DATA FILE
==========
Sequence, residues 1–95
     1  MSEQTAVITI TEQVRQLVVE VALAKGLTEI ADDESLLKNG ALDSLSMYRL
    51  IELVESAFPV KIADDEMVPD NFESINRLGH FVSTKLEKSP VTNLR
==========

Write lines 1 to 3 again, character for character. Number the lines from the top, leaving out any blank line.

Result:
Sequence, residues 1–95
     1  MSEQTAVITI TEQVRQLVVE VALAKGLTEI ADDESLLKNG ALDSLSMYRL
    51  IELVESAFPV KIADDEMVPD NFESINRLGH FVSTKLEKSP VTNLR